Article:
For years economists have been justifying minimum wage by using flawed data, but reality is intruding on Seattle.
Minimum wage is the gift that keeps on giving to politicians. It allows them to pose as the rescuers of the poor and it increases poverty so that more people will vote to be rescued in the next election. Since politicians benefit from minimum wage, economists find a way to claim that it helps. After all, politicians were the main customers for economists.
But it looks like Seattle has caused such havoc in the local economy that reality can no longer be denied.
The Washington Post reports, “A ‘very credible’ new study on Seattle’s $15 minimum wage has bad news for liberals.”
When Seattle officials voted three years ago to incrementally boost the city’s minimum wage up to $15 an hour, they’d hoped to improve the lives of low-income workers. Yet according to a major new study that could force economists to reassess past research on the issue, the hike has had the opposite effect.
The city is gradually increasing the hourly minimum to $15 over several years. Already, though, some employers have not been able to afford the increased minimums. They’ve cut their payrolls, putting off new hiring, reducing hours or letting their workers go, the study found.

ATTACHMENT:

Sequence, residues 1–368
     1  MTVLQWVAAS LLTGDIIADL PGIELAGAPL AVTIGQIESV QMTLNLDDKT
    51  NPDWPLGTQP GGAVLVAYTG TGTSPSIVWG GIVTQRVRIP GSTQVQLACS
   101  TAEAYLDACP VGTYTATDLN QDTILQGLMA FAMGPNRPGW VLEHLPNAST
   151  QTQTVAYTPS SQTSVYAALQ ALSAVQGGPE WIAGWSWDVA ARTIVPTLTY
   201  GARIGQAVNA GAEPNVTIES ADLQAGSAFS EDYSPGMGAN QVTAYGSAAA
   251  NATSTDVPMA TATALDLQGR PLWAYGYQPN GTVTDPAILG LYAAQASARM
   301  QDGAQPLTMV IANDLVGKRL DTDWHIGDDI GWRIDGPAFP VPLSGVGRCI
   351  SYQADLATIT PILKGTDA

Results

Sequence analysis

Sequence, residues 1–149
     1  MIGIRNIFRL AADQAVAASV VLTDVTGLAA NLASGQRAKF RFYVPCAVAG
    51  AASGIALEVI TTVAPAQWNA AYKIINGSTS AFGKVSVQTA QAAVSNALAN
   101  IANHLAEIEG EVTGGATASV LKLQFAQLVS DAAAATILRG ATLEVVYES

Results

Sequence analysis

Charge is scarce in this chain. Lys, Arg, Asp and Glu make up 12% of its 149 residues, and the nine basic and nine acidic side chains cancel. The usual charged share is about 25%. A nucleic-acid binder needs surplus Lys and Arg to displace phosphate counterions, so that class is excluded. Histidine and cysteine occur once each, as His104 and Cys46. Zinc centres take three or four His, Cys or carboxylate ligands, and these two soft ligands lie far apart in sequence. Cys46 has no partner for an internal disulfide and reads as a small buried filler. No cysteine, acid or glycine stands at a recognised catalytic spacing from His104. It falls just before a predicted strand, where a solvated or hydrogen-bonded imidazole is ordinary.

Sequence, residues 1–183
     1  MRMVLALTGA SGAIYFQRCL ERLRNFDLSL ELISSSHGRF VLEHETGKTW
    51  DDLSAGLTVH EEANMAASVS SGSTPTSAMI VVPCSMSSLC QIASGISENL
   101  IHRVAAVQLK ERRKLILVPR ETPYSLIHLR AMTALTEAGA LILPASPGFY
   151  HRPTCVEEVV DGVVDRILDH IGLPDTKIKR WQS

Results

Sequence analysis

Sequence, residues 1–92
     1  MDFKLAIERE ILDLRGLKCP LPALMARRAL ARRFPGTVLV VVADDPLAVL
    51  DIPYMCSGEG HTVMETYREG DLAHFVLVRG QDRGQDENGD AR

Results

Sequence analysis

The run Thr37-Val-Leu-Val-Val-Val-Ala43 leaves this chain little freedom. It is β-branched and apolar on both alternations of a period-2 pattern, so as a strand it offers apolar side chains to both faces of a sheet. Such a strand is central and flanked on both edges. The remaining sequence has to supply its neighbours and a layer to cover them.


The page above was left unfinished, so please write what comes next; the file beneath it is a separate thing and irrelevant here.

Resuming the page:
The costs to low-wage workers in Seattle outweighed the benefits by a ratio of three to one, according to the study, conducted by a group of economists at the University of Washington who were commissioned by the city. The study, published as a working paper Monday by the National Bureau of Economic Research, has not yet been peer reviewed.
On the whole, the study estimates, the average low-wage worker in the city lost $125 a month because of the hike in the minimum.
The paper’s conclusions contradict years of research on the minimum wage. Many past studies, by contrast, have found that the benefits of increases for low-wage workers exceed the costs in terms of reduced employment — often by a factor of four or five to one.
“This strikes me as a study that is likely to influence people,” said David Autor, an economist at the Massachusetts Institute of Technology who was not involved in the research. He called the work “very credible” and “sufficiently compelling in its design and statistical power that it can change minds.”
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